If the Orleans Parish Sheriff’s Office has complied with a federal judge’s demands to produce key budget documents in a timely manner — issued sternly after the office failed to do so last month — the public will learn a great deal more in court this week about how the jail operation is financed.
I will continue to live blog the hearing starting at 8:30 a.m. here. Wednesday’s live blog appears below.
Last month, U.S. District Judge Lance Africk reprimanded Sheriff Marlin Gusman for giving plaintiffs in a civil lawsuit the key information just hours before a long-scheduled June 24 hearing.
“This type of late production is unacceptable,” Africk said.
Though he held a hearing that day that covered some broad-brush information, he postponed the rest of the hearing a month.
The Southern Poverty Law Center sued the Sheriff’s Office in April 2012, and the U.S. Justice Department joined the center in demanding reforms at the long-criticized Orleans Parish Prison. Gusman then pulled the City of New Orleans in as a co-defendant, saying it has the legal responsibility to finance a major portion of the prison complex’s operation.
The lawsuit is being taken in phases by Africk. He’s already ruled that the deplorable conditions of the prison require major reform, in the form of a federal consent decree, calling the complex “an indelible stain on the community.” He’s now holding hearings to determine how much of the financial responsibility for an overhaul lies with the sheriff and how much with the city.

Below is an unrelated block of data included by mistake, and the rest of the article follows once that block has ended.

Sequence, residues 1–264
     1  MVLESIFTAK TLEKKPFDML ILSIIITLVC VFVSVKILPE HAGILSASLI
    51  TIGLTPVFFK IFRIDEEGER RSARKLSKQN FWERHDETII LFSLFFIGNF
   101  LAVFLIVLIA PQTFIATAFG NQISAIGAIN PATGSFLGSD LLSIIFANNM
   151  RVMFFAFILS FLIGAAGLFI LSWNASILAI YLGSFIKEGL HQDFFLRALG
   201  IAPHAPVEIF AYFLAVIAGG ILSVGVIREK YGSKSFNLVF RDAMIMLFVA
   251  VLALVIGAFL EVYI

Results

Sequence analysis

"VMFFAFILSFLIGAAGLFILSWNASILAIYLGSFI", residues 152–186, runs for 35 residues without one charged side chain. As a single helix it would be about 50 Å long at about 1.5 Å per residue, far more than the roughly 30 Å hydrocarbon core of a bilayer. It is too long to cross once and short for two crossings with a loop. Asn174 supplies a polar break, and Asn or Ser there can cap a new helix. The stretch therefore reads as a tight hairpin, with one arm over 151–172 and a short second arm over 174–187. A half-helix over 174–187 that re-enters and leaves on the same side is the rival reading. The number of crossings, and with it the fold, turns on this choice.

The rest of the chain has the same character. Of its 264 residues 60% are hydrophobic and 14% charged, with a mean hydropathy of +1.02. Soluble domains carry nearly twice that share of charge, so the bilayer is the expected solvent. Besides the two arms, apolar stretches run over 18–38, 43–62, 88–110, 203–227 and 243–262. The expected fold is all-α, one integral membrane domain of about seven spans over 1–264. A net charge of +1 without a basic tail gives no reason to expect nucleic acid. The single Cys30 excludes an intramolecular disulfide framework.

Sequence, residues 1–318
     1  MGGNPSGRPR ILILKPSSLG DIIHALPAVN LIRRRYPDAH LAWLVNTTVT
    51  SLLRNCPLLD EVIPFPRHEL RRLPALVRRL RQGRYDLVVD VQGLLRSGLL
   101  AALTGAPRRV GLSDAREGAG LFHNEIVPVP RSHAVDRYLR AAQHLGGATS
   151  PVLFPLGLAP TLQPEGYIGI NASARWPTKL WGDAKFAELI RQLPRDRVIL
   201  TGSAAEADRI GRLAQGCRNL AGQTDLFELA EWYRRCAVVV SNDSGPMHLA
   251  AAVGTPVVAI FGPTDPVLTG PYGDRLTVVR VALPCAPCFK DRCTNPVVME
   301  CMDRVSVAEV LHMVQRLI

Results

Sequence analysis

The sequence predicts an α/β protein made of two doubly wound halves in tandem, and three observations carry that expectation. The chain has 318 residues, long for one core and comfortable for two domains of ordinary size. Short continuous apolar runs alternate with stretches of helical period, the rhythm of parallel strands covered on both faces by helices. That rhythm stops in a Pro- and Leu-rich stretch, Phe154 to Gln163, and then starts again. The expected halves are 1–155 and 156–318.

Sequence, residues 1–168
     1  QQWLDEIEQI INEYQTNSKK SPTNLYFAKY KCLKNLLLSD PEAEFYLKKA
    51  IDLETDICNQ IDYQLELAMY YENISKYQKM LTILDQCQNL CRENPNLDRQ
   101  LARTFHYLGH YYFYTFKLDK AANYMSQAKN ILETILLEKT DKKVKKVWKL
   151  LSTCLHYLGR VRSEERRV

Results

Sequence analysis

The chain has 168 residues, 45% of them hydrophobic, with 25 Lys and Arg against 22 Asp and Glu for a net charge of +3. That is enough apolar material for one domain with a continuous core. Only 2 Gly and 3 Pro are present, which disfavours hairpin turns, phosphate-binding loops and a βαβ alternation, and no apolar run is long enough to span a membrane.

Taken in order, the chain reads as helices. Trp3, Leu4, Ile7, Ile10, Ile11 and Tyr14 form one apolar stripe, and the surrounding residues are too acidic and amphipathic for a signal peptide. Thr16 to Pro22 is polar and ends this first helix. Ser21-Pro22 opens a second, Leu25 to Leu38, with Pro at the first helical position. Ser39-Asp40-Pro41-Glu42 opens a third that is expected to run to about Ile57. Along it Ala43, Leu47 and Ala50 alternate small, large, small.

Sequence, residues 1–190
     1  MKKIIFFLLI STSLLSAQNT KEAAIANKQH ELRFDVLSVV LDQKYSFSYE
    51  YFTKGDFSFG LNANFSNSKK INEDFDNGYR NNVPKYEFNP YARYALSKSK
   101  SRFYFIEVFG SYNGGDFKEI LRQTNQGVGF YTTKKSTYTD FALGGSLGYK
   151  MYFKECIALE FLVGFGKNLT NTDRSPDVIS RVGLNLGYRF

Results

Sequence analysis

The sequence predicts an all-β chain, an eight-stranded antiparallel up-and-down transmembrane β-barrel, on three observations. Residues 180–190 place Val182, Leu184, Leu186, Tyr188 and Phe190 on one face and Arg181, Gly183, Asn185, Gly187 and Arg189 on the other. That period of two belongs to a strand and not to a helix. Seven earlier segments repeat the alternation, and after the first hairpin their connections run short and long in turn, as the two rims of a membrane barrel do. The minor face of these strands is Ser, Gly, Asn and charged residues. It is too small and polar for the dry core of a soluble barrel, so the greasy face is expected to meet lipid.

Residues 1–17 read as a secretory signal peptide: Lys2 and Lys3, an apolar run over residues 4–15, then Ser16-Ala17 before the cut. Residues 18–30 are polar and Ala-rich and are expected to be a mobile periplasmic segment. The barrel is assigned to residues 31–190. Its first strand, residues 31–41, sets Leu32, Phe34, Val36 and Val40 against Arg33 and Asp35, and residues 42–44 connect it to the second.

At the June 24 hearing, the sheriff fielded questions from the city’s attorney in this case, Harry Rosenberg, who likened Gusman to the Wizard of Oz operating secretly behind a curtain. When asked specific questions about his budget, such as how much money was in the office bank account, the sheriff often could not answer, saying that the city should ask his employees instead. He named accountant Elizabeth Boyer as one such employee.
Rosenberg complained, “Ms. Boyer told us she couldn’t give us this information. We’re in between a rock and a hard place.”
The sheriff’s attorneys assured Africk that Boyer would be ready to testify at the next hearing.
The sheriff also has delayed producing details of the new jail facility that he is building. The plaintiffs say the new $145 million complex will not resolve unconstitutional conditions because it lacks medical facilities and separate housing for mentally ill prisoners.